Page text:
Time for a little fun on the blog! Bethany House is starting something new on Pinterest. We have our official BHP page, with both fiction and nonfiction to highlight new releases, and now have a more informal Pinterest page, shared with some of our authors. We’d be happy to have you follow either of them for book-related fun!

Here are a few of my favorites from some of our boards. Enjoy!

From our “BHP Pets” board, I give you Dewey, owned by one of our editors, Jeff, and named after the Dewey Decimal System (only at a publishing company…).
We’re pulling out our inner word nerd on the “Book Stats, Trivia, and Infographics” board. (See any ones on here that are tricky for you?)

For a little laugh, check out the “Book Humor” board. I’m sure you’ve experienced something similar to the cartoon below:

PinterestAnd quotes about writing, reading, and other book-ish things on the “Book Smart” board.

And, of course, many more! There will be new pins to the BHP Fiction board…this is just the beginning. Feel free to make suggestions in the comments of this post. We want to know what you’d like to see from us!

Don’t forget to stop by the boards of some of our authors (they have fun stuff that will help you picture the characters and settings of their books):
Elizabeth Camden
Julianna Deering
Jody Hedlund
Dani Pettrey
Becky Wade
Connilyn Cossette
Sarah Loudin Thomas
Tamera Alexander
Leslie Gould
Kristi Ann Hunter
Kate Breslin
Dina Sleiman

What’s your favorite thing to pin on Pinterest? Any boards you’d be interested in seeing on the Bethany House page?

Ask Bethany House: Where Did You Get Your Name?

This month’s Ask Bethany House question is a bit more on the trivia spectrum, and something a number of readers have probably wondered: “What inspired the name Bethany House?”

This question takes us back to the early days of Bethany House. In 1956, when BHP began, it was part of a larger missions organization called Bethany Fellowship, an organization dedicated to training and supporting missionaries. Printing books became one of the ways they funded international missions, along with donations and various other business endeavors.

As of today, this novel has sold more than a million copies!

As of today, this novel has sold more than a million copies!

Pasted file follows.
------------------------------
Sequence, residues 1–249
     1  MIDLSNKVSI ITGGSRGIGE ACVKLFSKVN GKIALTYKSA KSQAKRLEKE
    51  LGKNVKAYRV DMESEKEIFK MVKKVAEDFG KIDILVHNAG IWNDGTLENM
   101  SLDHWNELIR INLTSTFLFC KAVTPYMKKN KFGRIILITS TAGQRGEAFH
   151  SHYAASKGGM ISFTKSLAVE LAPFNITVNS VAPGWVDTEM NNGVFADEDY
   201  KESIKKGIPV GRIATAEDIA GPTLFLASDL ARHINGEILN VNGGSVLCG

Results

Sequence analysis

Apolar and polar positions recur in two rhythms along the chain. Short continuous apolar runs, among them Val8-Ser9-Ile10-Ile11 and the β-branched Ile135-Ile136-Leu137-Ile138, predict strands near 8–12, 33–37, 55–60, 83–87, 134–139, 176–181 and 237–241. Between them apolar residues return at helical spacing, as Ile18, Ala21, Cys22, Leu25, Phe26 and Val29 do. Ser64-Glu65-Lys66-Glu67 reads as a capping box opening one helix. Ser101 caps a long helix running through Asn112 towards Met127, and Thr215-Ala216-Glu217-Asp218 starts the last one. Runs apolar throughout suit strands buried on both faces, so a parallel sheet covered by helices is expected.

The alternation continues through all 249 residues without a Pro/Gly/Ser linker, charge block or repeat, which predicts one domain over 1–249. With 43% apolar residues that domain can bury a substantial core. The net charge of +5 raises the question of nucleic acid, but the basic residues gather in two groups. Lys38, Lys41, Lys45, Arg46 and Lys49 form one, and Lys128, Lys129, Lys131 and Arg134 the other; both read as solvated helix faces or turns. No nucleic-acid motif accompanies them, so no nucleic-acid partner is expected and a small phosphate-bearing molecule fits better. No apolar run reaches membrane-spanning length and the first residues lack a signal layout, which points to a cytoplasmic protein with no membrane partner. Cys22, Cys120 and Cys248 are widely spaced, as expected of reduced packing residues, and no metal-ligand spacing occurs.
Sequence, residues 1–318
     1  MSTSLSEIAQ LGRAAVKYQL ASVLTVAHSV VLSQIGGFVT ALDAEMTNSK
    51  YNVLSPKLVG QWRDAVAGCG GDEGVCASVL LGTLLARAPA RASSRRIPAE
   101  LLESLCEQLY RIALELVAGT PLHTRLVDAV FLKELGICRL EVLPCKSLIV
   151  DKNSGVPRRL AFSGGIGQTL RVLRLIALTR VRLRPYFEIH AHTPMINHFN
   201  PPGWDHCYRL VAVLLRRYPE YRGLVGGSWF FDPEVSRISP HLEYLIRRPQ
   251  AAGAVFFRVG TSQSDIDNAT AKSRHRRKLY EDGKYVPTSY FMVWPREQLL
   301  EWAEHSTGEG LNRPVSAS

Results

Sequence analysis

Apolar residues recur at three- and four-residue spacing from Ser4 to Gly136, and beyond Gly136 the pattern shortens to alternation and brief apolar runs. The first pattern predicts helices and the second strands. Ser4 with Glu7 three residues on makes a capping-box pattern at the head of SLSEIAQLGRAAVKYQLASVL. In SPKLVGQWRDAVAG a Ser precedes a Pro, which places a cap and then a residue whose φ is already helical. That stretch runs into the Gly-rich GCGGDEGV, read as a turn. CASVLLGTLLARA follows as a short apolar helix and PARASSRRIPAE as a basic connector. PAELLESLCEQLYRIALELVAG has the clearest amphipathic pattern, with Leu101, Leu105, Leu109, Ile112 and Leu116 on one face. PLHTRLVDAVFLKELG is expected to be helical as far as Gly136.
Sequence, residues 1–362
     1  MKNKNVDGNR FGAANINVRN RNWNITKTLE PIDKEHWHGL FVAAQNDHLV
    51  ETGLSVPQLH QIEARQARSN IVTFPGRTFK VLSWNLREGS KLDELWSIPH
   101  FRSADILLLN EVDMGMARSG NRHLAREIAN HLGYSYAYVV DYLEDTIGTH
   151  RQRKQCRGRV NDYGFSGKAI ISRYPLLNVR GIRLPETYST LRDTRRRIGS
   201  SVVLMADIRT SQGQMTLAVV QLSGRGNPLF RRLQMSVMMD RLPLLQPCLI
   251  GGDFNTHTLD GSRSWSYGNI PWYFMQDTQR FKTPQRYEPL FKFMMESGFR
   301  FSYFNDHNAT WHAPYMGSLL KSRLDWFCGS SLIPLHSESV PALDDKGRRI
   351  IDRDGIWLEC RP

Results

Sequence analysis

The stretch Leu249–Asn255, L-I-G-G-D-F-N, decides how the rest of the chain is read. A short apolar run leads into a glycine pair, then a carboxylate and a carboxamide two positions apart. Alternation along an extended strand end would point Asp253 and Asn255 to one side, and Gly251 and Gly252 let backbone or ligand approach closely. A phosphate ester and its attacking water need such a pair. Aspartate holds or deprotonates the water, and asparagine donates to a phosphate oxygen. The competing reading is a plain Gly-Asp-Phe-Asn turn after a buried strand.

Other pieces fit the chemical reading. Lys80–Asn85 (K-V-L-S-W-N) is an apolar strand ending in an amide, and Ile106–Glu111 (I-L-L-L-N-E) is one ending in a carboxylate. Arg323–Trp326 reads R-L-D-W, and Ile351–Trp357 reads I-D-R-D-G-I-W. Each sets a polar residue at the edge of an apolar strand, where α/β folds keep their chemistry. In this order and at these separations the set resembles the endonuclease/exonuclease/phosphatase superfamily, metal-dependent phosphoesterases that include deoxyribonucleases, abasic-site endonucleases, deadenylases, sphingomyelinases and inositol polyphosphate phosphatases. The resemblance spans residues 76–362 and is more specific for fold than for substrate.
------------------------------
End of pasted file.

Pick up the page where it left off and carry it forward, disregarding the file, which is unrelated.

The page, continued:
BHP started out with an exclusive focus on nonfiction until publishing Janette Oke’s Love Comes Softly in 1979. It is often considered the first inspirational novel. Ever since then, we’ve had a proud history of publishing books from some of the best Christian fiction authors out there. (Scan the bottom corner of the spines on your bookshelf, and I’m guessing you’ll see a few of the BHP quill logos there!)

But none of that explains why the the missions organization decided to use “Bethany” in the first place. According to Bethany International’s website, “The name ‘Bethany’ was chosen because it was a place Jesus would retreat with his disciples for rest, prayer and reflection.” (So if your guess was that it was named after the city Bethany in the Bible, most famous for being the hometown of Mary, Martha, and Lazarus, you were right.)

In 2003, Bethany Fellowship sold Bethany House Publishers, and we became a part of the Baker Publishing Company family. Of course, it wouldn’t make sense to change our name. So even though it can get confusing to people living nearby (Bethany International, Bethany Church, and Bethany Global University, a college training young people for ministry, are all our neighbors, even though we are no longer officially connected to them), we still proudly have the name Bethany House.

If you didn't realize this was a quill, don't took me a full year working here to make the connection.

If you didn’t realize this was an inkpen quill, don’t worry…it took me a full year working here to make the connection.

Fun side-note on names: Remember the first Bethany House fiction book, Love Comes Softly? The editor who acquired that novel and hundreds of others through the years was Carol Johnson. She and her husband Gary led Bethany House’s editorial team for many years. Carol was instrumental in starting up the Christy Awards to recognize Christian fiction authors, and the American Christian Fiction Writers honored her recently by changing their fiction award to the Carol Awards.


So here’s my question for you: Bethany House was named after the place Jesus went for rest and reflection. What’s your place for rest and reflection? (It can be a room in your house, a favorite local restaurant, a vacation destination…anything.)